- Read and listen to the podcast: The 1619 Project, journalist Nikole Hannah-Jones’ Pulitzer Award-winning exploration of the political, socioeconomic, and cultural legacy of Black Americans, starting with the first enslaved Africans torn from their homes to build the “new world.”
For additional perspectives on dismantling systemic racism, here’s more from TED:
- Watch: A timely virtual interview with Dr. Bernice King, daughter of Dr. Martin Luther King, Jr. and CEO of The King Center, Dr. Phillip Atiba Goff, president of the Center for Policing Equity, Rashad Robinson, president of Color of Change, and Anthony Romero, executive director of the ACLU.
- Watch: Bryan Stevenson, public interest lawyer and executive director of the Equal Justice Initiative, on having the courage to talk about injustice and creating an identity that moves people to action.
- Watch: An interview with the co-founders of Black Lives Matter on why the movement for Black lives is foundational for justice at large – including a shout out to the Standing Rock Sioux Tribe’s ongoing resistance of the Dakota Access Pipeline, a battle they continue to wage in court with Earthjustice at their side.
3) Know Your Rights
With mass demonstrations happening across the country, many people are protesting or have loved ones joining the march for justice. If you’ve been keeping up with the news of this crisis, you’re probably already aware that the police response often exceeds the bounds of their authority, so it is critical that those assuming the risk of lawful protest are prepared to defend their First Amendment rights.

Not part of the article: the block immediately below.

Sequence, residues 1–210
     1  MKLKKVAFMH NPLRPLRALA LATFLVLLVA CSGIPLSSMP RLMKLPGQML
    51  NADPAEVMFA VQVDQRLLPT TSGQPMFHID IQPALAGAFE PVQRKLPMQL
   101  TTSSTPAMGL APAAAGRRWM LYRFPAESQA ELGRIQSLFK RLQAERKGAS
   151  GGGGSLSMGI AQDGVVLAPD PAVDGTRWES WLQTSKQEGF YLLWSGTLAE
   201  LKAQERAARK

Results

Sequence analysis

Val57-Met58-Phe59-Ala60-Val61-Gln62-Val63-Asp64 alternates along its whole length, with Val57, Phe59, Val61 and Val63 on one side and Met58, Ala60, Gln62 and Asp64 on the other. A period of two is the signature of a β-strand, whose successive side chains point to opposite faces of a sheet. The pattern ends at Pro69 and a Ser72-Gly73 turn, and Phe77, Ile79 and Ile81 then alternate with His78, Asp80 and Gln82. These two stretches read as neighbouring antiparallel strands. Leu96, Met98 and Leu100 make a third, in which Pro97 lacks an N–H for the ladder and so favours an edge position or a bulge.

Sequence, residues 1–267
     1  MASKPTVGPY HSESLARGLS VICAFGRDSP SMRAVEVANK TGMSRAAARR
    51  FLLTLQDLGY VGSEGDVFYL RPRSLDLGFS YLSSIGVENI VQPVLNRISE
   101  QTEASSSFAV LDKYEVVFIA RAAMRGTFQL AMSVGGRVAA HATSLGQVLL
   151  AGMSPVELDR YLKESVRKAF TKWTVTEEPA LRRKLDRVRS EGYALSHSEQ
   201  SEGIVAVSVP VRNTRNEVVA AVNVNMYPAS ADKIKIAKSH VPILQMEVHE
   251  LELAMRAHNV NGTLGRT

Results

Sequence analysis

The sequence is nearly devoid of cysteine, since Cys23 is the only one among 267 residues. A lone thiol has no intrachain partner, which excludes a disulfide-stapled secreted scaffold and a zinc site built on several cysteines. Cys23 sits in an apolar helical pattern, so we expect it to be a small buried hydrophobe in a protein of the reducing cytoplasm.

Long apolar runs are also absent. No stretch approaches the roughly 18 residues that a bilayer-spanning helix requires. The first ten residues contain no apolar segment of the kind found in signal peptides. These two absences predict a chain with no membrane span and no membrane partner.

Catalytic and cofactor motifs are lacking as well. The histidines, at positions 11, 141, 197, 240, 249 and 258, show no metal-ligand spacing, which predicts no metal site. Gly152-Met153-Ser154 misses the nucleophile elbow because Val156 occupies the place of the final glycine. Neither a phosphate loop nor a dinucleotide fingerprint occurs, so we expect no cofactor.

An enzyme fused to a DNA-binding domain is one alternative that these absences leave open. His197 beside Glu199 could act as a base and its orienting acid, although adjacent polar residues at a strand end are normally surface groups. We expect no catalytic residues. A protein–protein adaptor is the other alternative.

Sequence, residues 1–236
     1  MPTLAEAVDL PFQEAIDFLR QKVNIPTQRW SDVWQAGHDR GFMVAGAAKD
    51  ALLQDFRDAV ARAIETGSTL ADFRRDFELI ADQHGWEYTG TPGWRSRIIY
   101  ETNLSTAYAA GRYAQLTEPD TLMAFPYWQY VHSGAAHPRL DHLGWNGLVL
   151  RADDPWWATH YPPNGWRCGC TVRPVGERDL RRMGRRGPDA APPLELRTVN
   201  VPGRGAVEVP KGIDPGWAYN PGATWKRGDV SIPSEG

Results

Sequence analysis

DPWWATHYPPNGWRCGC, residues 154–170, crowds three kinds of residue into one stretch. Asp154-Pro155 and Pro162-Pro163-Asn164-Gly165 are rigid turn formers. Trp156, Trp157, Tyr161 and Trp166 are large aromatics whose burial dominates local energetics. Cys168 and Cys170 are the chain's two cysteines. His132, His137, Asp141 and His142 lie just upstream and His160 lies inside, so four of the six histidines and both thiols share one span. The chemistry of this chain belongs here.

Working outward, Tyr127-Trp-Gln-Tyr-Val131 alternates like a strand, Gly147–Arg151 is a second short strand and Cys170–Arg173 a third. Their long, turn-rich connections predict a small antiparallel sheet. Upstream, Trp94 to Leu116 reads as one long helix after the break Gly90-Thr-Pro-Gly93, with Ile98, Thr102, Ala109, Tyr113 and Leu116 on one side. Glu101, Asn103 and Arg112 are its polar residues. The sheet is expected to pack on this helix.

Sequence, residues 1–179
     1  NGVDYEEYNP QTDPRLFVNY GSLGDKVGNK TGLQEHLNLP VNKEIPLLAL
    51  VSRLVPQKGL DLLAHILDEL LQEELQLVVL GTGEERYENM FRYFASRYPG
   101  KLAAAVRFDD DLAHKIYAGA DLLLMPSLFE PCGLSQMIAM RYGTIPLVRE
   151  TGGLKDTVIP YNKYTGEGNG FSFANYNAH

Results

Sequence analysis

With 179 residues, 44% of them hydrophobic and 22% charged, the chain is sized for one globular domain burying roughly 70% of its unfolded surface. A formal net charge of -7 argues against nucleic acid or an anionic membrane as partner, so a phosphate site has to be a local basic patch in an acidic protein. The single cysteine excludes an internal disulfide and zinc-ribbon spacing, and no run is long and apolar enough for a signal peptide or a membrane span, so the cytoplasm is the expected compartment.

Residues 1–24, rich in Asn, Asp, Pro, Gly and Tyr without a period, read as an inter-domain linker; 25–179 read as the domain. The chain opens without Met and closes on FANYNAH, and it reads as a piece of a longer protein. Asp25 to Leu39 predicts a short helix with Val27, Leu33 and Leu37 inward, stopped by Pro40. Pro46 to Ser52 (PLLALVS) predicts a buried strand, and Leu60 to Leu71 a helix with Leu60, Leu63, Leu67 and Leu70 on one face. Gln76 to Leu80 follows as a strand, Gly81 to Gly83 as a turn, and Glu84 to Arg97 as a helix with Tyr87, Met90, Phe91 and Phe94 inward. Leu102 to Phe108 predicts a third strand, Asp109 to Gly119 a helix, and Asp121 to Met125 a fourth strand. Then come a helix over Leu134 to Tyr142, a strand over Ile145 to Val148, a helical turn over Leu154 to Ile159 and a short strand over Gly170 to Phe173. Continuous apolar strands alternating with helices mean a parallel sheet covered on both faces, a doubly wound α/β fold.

Here are a few resources to get you started:
Here are resources specifically for immigrants or non-citizens:
4) Bring in the Lawyers
The National Lawyers Guild’s Mass Defense Committee provides legal support to grassroots movements involved in mass demonstration. Their network of lawyers, paralegals, and law students offer “Know Your Rights” trainings, planning meetings, and act as on-site legal observers at protests. For those arrested during lawful demonstration, they also provide legal defense and jail support programs.
5) Educate Yourself About Proposed Solutions
Lawmakers have an important role to play in transforming the criminal justice system and holding police accountable for violence against Black communities. To eliminate the root causes of police brutality, we’ll need action at all levels of government. The Movement For Black Lives has proposed the BREATHE Act, a federal bill that would reallocate funds from police departments and prisons toward programs that promote clean air and water for all, equitable healthcare, a more just educational system, and other social benefits. Learn more about this visionary proposal.
Earthjustice’s environmental impact litigation model was inspired by the work of the NAACP Legal Defense Fund and other groups that served as the legal engine for the Civil Rights movement. Half a century later, Earthjustice and other environmental organizations are recognizing how much more there is to learn from racial justice leaders and movements.
“Our society is reckoning with centuries of oppression and exploitation,” said Abigail Dillen, President of Earthjustice. “Historically White environmental organizations that once looked away from environmental racism are finally joining a larger, urgent struggle for justice. Because without justice, there can be no livable future for people or the planet.”
This blog post was originally published in June 2020. It was updated in April 2021 to include information about the BREATHE Act.